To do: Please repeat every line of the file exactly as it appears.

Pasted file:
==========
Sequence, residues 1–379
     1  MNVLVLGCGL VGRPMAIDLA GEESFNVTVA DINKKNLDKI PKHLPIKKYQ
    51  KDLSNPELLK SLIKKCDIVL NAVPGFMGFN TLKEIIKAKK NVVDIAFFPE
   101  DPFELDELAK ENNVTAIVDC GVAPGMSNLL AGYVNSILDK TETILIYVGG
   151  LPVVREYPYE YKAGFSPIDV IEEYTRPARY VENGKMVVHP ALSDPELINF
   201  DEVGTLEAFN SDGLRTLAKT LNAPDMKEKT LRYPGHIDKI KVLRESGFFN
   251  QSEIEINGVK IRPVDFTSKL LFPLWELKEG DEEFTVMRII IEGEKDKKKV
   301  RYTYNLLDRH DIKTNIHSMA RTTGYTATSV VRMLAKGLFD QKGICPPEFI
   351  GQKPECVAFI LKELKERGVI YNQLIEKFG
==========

Sequence, residues 1–379
     1  MNVLVLGCGL VGRPMAIDLA GEESFNVTVA DINKKNLDKI PKHLPIKKYQ
    51  KDLSNPELLK SLIKKCDIVL NAVPGFMGFN TLKEIIKAKK NVVDIAFFPE
   101  DPFELDELAK ENNVTAIVDC GVAPGMSNLL AGYVNSILDK TETILIYVGG
   151  LPVVREYPYE YKAGFSPIDV IEEYTRPARY VENGKMVVHP ALSDPELINF
   201  DEVGTLEAFN SDGLRTLAKT LNAPDMKEKT LRYPGHIDKI KVLRESGFFN
   251  QSEIEINGVK IRPVDFTSKL LFPLWELKEG DEEFTVMRII IEGEKDKKKV
   301  RYTYNLLDRH DIKTNIHSMA RTTGYTATSV VRMLAKGLFD QKGICPPEFI
   351  GQKPECVAFI LKELKERGVI YNQLIEKFG